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Lord Ganesha and the Mahabharat

Mahabharat is one of the two great epics of India. Sage Vyasa is the author of the Mahabharat. There is an anecdote in the puranas which says that Lord Ganesha, the cute little god of Hinduism is also involved in the composition of the Mahabharat. In this episode, Nithya Venkataraman presents this short story on how Lord Ganesha was involved in the writing of this great epic.


Firmness or determination is an important aspect of life. This story highlights the importance of the quality of determination in the personality of an individual.

Shaivism and Vaishnavism

Shaivism and Vaishnavism are the two most important facets of Hinduism.


Shaivism is a branch which believes Lord Shiva as the supreme deity and Vaishnavism believes Lord Vishnu as the Supreme deity.


There are great saints in both Shaivism and Vaishnavism. They are spread throughout the length and breadth of the Indian sub-continent. The Nayanmars of Shaivism and the Alwars of Vaishnavism have made enormous contribution to the cause of the Hindu faith.


The three most prolific of the Nayanars are Thirunavukkarasar Nayanar Thirugnana Sambandar and Sundaramurthi Nayanar. Their hymns make up the Thevaram.  It serves as the primary liturgical scripture for Tamil Shaivites. Nambi Andar Nambi is said to have compiled the songs of all of the Nayanars, adding to them the works of several other famous poet-saints, including Manikkavasakar, to form the basis of the Tirumurai, the basic Tamil Shaivite sacred canon.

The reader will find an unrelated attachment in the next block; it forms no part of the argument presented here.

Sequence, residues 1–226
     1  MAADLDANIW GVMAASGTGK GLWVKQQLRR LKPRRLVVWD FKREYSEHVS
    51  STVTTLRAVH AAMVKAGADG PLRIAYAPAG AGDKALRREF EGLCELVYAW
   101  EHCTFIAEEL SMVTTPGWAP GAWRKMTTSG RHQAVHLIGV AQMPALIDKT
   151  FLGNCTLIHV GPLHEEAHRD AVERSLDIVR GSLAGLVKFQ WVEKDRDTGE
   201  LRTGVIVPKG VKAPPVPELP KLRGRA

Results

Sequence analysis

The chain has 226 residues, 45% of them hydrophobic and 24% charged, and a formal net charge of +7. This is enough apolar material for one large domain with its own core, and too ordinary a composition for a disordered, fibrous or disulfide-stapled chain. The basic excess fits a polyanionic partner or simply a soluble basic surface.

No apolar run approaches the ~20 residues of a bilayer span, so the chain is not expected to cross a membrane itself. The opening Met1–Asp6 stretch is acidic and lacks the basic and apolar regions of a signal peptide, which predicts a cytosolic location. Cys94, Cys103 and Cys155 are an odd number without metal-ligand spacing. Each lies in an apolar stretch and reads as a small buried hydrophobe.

The Alwars are famous for their poetry in praise of Lord Vishnu. The collection of their 4000 poems is known as the “Naalaayira Divya Prabhandam”.


Pilgrimages known as Tirtha Yatras have been an integral part of Sanatana Dharma. They are considered as a matter of ritualistic importance. In that context, there are a few places which are considered as sacred and held at high esteem by the ardent devotees. They are called as ‘Kshetrams’. There are 108 of such Kshetrams in the vaishnavaite tradition known as ‘Divya Desams’.

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